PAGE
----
Last night I had the opportunity to pre-screen The Resurrection of Gavin Stone. Actually, I had the opportunity last week, but due to some technical issues I didn’t get to until last night.
The Resurrection of Gavin Stone is Walden Media’s and Vertical Church’s latest offering in the ever growing faith-movie industry. It’s about washed-up child star, Gavin Stone, who has become a media badboy as an adult. After a particularly wild party, Gavin is sentenced to 200 hours of community service. He serves these out at a church in his hometown, where he has no choice but to reconnect with his estranged dad. Gavin also charms himself into the church’s stage production to get out of mopping floors, and takes the role of Jesus. It stars Brett Dalton (Gavin), Anjelah Johnson-Reyes (Kelly), Neil Flynn (Waylon), D.B. Sweeney (Pastor Allen), and Shawn Michaels (Doug).
When I was asked if I’d review a movie in which Grant Ward (Agents of S.H.I.E.L.D.) plays Jesus and the Janitor (Scrubs) is his dad? I said, “Yes, please.”
The movie opens this Friday (Jan 20, 2017) in theaters. As a matter of full disclosure, I was provided an advanced screening from Inspire Buzz marketing. However, as I always do, I will give you a completely honest review. Continue reading Review: The Resurrection of Gavin Stone
A few days ago, my friend and author Kat Heckenbach made this observation on Facebook:
Realizing, as I watch Doctor Who Season 7, that Clara Oswald is not lacking anything. She is really awesome. BUT. There was no mourning time for the Ponds. That is why the transition didn’t work. For some reason, the move from Rose to Martha to Donna to Amy/Rory…it all felt like it was going in the same direction. But going anywhere away from Amy and Rory…there just needs to be time to mourn, and we weren’t given any.
Being a Doctor Who fan who actually remembers and watched Classic Who when it was still new, I am of the opinion that #11 (Matt Smith) actually embodies Classic Who the best of the modern Doctors, that Moffat’s writing for #11 is more true to the Classic Who methodology, and that Amy and Rory were more typical of Classic Who companions. I know not everyone agrees with me in this, but that’s not really the point of this blog. I bring up those opinions because the transition from the Ponds to Clara and saying goodbye to #11 was a big deal to me.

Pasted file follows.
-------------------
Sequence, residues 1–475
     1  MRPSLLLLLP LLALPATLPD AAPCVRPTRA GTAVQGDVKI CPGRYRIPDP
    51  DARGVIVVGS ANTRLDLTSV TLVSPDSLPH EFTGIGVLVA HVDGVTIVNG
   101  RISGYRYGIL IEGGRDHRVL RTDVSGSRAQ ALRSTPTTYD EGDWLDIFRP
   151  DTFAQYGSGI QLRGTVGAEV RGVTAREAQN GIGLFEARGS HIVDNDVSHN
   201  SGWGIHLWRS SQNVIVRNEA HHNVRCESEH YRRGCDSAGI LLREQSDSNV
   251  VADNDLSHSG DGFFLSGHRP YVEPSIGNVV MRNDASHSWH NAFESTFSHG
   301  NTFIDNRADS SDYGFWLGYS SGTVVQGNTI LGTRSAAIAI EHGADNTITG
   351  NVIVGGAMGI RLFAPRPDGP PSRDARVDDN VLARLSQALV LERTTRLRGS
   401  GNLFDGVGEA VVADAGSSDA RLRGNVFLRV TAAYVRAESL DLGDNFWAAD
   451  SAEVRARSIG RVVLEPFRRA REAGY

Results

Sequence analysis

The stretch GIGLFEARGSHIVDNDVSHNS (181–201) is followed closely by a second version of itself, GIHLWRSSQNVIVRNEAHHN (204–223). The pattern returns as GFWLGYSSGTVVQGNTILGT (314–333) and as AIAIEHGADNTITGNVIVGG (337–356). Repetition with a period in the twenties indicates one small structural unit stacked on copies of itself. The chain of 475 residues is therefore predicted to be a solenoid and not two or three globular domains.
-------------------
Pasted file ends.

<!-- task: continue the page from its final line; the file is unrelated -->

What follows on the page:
So as I was considering what Kat said and the subsequent replies, which covered things like having to say goodbye to the Ponds too many times and Moffat’s split loyalties in writing between Who and Sherlock, and a great joke which I’ll include at the end, I realized that, even though I too felt something odd about the transition from the Ponds to Clara and a weird misstep in Eleven’s goodbye, Moffat really did get it right.
Continue reading The man who forgets…
This is a really difficult review for me to write. First let me say that I actually enjoyed the Lego Movie. My kids thoroughly enjoyed it. It’s imaginative, high-energy, and exciting. I was also very impressed that the movie was created with actual Legos using stop-still animation. (UPDATE: I now know that it was computer animated. Good job animators! Fooled me!) And contrary to the title of this review, maybe surprising to you…maybe somewhat hypocritical on my part…I will probably own this movie and my children will watch it till it wears out. BUT not before I explain to them what I’m about to explain to you.
Despite being such a fun movie, everything is NOT indeed awesome. Everything was great until the movie took a very existential and philosophical twist at the end, making it the most anti-Christian film I’ve seen in a long time. Almost as blatantly anti-Christian as the Golden Compass, and I’m surprised there hasn’t been a wide-spread out-cry against it.
SO BEWARE. SPOILERS AHEAD!
Continue reading The Lego Movie: One of the most anti-Christian movies ever
Open your heart and mind to the simplicity and complexity of a name.
I know only my name. Beyond that is confusion, a void where fantasy and reality swirl together. Fairies, Giants, Elves, Dwarves, ancient Keepers, and…Dragons? A dark soul threatens the Five Kingdoms, but I am powerless to stand against him, overwhelmed by phantom memories, broken and lost.
Somehow, I must live. I must find my purpose. There are friends to love and battles to fight.
I know my name. Perhaps that is enough.
I am Ocilla.
This is my story.
In our current book economy, where writers can rush to publication, by-passing the traditional gatekeepers, and throwing good writing principles to the wind, there’s a lot of junk out there. And the problem is, you can’t tell anymore what is a properly good read and what is a waste of your time and money. It’s become a mine field, a dart shoot, a flip of the coin. So more than ever, the educated reader must depend on good solid honest reviews before taking a chance. Sadly, most reviewers are just as random now as the books they review.
Continue reading Book Review: I Am Ocilla, by Diane M. Graham